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When the chair of the House Finance Committee dropped key provisions of a bill intended to further limit the legal liability of the state and counties for injuries occurring on public property as long as signs warning of dangerous conditions are property posted, some supporters of the measure responded by accusing Rep. Sylvia Luke of violating the conflict of interest provisions of the state ethics law.
The bill’s backers believe it will open more public lands for “extreme” recreational activities that carry more than usual risk, such as rock climbing, paragliding, hiking, and mountain biking.
In a complaint filed with the State Ethics Commission, more than 20 extreme sport enthusiasts charged that Luke was improperly influenced by her private employment as an attorney in a firm specializing in personal injury cases, including those involving injuries on public land, as well as her membership in a professional association made up of personal injury lawyers.
If the bill passes, and the state and counties can’t be held liable, then Luke’s firm, and other personal injury lawyers, could take a financial hit. And that, they say, backs up their conflict of interest allegations.
Under the terms of the 2003 law, signs warning of natural dangers on improved public lands such as parks and publicly maintained hiking trails are presumed sufficient to protect the state from legal liability for any injuries. But that law will “sunset,” or be automatically repealed, as of June 30, 2014, unless the legislature acts now to extend it or make it permanent.
In addition, supporters of the bill say the existing law has to be broadened in the wake of a lawsuit filed after two visitors died in a fall while trying to descend to the bottom of a waterfall on a “volunteer trail,” perhaps a pig trail, even though it was not part of the publicly maintained trail system. The state was found liable and, along with its insurance carrier, ended up paying over $15 million to settle the case.
The attorney general proposed language aimed at absolving the state and counties from liability for such “volunteer trails,” and generally extending the protection against legal liability to any dangers, natural or unnatural, whether on improved land or in unimproved areas, as long as warning signs are properly posted.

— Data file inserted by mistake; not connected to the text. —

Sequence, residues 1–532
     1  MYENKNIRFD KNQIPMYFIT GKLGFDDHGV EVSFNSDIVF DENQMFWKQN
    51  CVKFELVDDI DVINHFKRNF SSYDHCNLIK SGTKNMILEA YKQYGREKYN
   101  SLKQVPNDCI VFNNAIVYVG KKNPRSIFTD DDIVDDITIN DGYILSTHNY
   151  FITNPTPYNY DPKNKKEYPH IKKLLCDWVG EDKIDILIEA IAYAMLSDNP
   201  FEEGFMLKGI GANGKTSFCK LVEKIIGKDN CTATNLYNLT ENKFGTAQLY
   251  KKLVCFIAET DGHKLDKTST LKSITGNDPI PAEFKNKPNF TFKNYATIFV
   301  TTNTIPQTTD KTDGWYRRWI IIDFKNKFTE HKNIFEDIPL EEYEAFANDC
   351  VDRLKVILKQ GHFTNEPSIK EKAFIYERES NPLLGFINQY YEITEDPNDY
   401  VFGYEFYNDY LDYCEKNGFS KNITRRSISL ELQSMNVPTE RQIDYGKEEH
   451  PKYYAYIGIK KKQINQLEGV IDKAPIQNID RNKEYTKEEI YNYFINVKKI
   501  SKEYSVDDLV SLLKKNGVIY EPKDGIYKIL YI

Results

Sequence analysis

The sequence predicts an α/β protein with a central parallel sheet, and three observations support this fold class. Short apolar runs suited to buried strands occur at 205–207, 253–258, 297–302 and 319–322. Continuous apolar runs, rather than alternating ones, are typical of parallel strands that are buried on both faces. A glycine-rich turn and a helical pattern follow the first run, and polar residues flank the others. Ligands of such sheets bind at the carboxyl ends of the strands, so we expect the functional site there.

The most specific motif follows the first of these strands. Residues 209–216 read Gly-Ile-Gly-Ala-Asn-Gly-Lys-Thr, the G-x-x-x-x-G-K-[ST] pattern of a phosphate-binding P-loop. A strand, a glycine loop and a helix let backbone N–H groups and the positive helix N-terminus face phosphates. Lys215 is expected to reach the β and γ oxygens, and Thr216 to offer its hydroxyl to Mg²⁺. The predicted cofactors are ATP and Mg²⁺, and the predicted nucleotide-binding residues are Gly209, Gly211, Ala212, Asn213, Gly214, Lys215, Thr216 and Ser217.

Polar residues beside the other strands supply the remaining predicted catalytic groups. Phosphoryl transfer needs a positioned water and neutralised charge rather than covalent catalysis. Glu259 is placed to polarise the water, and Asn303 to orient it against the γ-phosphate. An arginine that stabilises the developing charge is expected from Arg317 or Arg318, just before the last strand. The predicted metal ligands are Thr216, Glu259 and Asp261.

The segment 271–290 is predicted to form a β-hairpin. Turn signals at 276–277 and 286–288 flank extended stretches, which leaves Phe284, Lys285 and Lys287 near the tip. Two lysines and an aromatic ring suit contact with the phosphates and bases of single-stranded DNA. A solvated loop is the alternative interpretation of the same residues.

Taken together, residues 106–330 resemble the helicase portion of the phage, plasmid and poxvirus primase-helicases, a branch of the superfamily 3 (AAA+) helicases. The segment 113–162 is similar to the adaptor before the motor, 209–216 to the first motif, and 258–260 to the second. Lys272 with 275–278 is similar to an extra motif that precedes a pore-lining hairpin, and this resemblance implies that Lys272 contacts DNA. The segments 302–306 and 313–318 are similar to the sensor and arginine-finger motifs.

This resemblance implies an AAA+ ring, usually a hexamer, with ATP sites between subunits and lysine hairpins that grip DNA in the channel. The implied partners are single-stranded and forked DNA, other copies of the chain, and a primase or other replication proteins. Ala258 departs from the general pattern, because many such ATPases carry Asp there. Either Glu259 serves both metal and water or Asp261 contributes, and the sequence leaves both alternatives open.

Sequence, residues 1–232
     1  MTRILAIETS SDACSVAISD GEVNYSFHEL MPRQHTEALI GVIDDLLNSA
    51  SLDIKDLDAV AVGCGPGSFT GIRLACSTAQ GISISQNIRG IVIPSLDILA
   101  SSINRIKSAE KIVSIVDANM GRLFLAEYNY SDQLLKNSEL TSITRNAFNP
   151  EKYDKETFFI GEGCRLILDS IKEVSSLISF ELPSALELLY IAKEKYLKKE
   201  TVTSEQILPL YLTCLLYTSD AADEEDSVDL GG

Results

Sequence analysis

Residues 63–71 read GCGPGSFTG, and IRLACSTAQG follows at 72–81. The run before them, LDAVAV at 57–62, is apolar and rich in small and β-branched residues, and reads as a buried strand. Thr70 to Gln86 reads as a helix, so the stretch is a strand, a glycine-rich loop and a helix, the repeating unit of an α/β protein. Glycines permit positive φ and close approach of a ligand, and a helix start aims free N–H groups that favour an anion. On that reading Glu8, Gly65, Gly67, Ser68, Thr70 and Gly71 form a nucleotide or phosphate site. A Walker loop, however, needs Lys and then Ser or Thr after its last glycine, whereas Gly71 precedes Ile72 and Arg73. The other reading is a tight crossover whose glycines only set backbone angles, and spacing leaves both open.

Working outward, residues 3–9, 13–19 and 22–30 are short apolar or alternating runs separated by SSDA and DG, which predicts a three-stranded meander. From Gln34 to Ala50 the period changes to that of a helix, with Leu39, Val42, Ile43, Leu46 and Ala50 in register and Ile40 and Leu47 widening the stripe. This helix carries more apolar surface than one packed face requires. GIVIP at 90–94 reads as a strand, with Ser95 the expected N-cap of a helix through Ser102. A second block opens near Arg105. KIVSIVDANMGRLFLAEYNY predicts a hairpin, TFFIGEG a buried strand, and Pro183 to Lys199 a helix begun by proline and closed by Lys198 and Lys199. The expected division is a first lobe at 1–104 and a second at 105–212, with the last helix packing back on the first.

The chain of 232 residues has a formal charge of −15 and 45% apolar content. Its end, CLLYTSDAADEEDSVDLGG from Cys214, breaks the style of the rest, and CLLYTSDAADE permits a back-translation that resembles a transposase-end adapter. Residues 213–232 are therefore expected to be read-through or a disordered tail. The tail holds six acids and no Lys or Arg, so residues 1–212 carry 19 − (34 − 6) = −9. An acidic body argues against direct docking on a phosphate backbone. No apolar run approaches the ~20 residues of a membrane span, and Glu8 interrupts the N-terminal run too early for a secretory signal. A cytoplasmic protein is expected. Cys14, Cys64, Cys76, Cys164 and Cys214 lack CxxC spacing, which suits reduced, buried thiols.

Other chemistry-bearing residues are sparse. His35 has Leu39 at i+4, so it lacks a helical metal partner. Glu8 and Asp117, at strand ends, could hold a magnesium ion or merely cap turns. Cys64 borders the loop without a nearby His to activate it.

The only opposition to the proposed changes came from Bob Toyofuku, lobbyist for the Hawaii Association for Justice, the professional association representing personal injury attorneys.
“The issue raised in this measure is the extent to which government should expend resources to discover and monitor ‘voluntary trails’ created by members of the public on government lands that are independent of official trails created and/or maintained or monitored by the movement or part of the statewide trail and access system,” Toyofuku testified. “The competing factors are the burden to government to find and maintain voluntary trails which may be located in remote locations versus the public safety benefit of safely maintaining trails and/or warning of hazardous conditions.”
The amendments proposed by the attorney general were approved by the House Judiciary Committee over Toyofuku’s objections, but the bill then ran into a stone wall when Luke stripped out most of the amendments. When the bill emerged from the finance committee, it simply deleted the “sunset” provision in order to continue the liability protections in the existing 2003 law. None of the additional provisions were included.
But did Luke’s actions violate state law? Was she required to recuse herself because of a conflict of interest as some of the bill’s supporters argue? Or is this simply a conflicting assessment of the proposed legislation, part of the normal flow of politics?
I think the conflict charges are dubious, at best, at least in any legal sense.
The primary conflict of interest provisions of state law prohibit state employees from taking any official action affecting a business in which they have a “substantial” financial interest, or affecting a “private undertaking” they represent as “legal counsel, advisor, consultant, representative, or other agency capacity.”